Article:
Q: Has anybody anywhere given any thought whatsoever to fallout shelters, beyond protecting the elite to maintain "continuity of government?"

A: No. If they have their way right now, we will be space cadets about this. We're not going to give it a second thought. We're too selfish, we're too focused on our music or our television and our entertainment and sports. We'll just go back to being what America has become: narrow-minded, selfish, greedy and thoughtless.

Q: Bread and circuses! Some readers have said they intend to find where the local government shelter is, and if they can't get in with their families, they intend to prevent the elite from getting out.

A: Geoff, there are no shelters. The only shelters that were in place after the Kennedy era -- he really did want civil defense, and of course our hero Ronald Reagan wanted the same thing. But forces defeated each one of those presidents and some congressional members who very valiantly fought for civil defense as well. There are no civil defense shelters. What did happen was across the country, millions of sites were identified that would be reasonable as fallout shelters. And when I say reasonable, that does not mean it would give you enough protection to truly survive heavy fallout. Those shelters were once stockpiled with water, food, medical supplies, etc.

Q: OK, so where is California Gov. Gray Davis going to go?

A: I'll tell you that. California has FEMA locations. Every state has FEMA locations.

Q: So what if Joe Citizen shows up demanding entrance to those fallout shelters?

A: They'd be shot. They'd be dead quicker. There is one in Deaton, Texas, and you can actually see that on the Internet.

Q: How about if we all make it a point to find out where these elite fallout shelters are and tell 10 people to tell 10 people to tell 10 people and post the eight-digit grid coordinate to websites?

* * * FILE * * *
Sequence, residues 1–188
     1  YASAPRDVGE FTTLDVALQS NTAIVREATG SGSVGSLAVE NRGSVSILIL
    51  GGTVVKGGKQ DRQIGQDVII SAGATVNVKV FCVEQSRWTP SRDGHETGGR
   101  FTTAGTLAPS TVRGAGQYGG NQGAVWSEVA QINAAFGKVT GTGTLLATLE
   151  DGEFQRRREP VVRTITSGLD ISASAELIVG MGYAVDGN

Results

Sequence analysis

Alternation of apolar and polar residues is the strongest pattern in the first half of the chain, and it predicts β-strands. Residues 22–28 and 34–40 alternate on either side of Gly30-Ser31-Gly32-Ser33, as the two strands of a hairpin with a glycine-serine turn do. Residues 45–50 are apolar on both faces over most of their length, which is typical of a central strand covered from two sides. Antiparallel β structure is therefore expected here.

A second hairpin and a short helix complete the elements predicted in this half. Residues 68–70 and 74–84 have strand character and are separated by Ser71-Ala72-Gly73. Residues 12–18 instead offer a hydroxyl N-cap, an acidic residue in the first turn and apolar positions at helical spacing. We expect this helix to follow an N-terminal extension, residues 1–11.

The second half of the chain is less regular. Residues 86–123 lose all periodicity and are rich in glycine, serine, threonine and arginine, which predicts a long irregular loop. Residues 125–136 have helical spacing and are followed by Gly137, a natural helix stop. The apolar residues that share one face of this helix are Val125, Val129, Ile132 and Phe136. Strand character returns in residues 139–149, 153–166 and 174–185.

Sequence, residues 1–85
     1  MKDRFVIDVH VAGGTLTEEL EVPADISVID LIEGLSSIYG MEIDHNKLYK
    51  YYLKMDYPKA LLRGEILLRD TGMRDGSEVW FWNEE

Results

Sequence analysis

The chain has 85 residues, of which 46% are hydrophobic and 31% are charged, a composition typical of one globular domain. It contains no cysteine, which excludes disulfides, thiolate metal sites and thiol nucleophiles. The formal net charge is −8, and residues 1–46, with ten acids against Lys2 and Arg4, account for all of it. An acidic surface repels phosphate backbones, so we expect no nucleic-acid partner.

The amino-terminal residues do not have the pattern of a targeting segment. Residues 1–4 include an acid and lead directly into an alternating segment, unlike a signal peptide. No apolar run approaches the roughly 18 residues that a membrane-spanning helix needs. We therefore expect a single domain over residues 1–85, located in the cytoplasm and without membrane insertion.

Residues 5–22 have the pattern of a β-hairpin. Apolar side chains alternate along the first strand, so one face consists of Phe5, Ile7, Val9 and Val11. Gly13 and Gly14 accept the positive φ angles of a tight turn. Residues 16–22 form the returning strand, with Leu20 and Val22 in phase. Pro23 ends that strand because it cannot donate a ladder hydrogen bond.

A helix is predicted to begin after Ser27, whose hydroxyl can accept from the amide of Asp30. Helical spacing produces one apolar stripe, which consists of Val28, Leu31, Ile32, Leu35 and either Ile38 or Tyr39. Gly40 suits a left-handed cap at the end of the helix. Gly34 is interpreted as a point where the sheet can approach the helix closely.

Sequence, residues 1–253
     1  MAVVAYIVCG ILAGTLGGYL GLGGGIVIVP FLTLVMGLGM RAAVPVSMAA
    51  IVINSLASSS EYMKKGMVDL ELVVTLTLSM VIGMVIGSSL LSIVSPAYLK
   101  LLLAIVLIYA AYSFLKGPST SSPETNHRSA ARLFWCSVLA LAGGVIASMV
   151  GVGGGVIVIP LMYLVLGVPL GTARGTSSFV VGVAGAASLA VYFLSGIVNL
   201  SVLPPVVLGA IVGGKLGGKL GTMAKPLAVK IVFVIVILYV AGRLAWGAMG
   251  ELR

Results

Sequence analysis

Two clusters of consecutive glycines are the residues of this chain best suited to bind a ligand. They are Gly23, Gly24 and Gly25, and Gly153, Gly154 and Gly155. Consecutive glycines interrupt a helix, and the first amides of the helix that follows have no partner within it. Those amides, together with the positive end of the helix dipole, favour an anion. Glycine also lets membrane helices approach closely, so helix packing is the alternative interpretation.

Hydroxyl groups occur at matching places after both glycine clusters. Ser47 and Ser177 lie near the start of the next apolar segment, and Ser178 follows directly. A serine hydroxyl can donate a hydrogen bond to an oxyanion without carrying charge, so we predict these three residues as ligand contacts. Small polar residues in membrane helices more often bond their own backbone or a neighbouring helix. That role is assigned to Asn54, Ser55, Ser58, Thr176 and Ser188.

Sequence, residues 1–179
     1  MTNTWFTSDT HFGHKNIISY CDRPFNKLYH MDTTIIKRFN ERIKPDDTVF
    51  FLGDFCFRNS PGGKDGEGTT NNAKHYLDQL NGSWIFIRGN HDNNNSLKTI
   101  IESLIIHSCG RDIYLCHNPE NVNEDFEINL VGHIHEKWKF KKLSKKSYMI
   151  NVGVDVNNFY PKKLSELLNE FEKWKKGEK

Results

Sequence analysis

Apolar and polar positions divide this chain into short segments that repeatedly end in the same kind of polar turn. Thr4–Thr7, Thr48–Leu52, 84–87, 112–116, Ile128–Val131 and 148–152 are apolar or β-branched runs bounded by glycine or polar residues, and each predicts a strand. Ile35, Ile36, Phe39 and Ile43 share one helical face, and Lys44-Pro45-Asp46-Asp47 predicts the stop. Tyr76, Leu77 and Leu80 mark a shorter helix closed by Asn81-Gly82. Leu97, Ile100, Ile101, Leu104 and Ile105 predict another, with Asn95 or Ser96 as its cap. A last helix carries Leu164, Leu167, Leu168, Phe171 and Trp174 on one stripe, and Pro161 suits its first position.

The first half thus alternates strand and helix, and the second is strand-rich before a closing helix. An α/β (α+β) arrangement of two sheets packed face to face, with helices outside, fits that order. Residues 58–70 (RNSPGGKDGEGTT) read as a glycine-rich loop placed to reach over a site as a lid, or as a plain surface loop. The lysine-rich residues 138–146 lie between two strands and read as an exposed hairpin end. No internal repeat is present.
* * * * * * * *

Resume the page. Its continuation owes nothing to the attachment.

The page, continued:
A: That I agree with. You find out where Gray Davis is going, and then pointedly ask him the questions, "Why are you going to protect yourself and your family, and you are leaving us to die?" He can say, "This is a federal issue." But then the counter is, "Why aren't you demanding accountability from our federal government?"

Q: These people who seem so willing to sacrifice all their constituents and taxpayers are missing a key point. We are the mother's milk that provides them the existence they have. If all these hundreds of thousands or millions of people die, with them go the tax base and their financial sustenance.

A: They are going to ramp the IRS. I didn't do a lot of investigation into this, but I do know we are going to do something far more in-depth -- perhaps an expose, a book. But they actually have little plans in place for reinstating the IRS and tax collection after nuclear war.

Q: A listener/reader mentioned the tool "Access to Energy" and Arthur Robinson.

A: He's a good friend and lives right down the street from me.

Q: His newsletter points out how Oak Ridge realized we're never going to have civil defense nationwide, so they came up with the book "Nuclear War Survival Skills."

A: I'm glad you mentioned that.

Q: I saw the ad for it in "Whistleblower."

A: There are things that individuals can do. It's not a replacement for a civil defense system, but if you want to save yourself and your family, and you know that something is coming, there are expedient measures. It's not going to protect you from biological weapons like smallpox or anthrax, but it will protect you from nuclear fallout. So I suggest folks get that book. And there is a companion four-volume video set of step-by-step instructions on how to build each of those structures that are outlined in the book.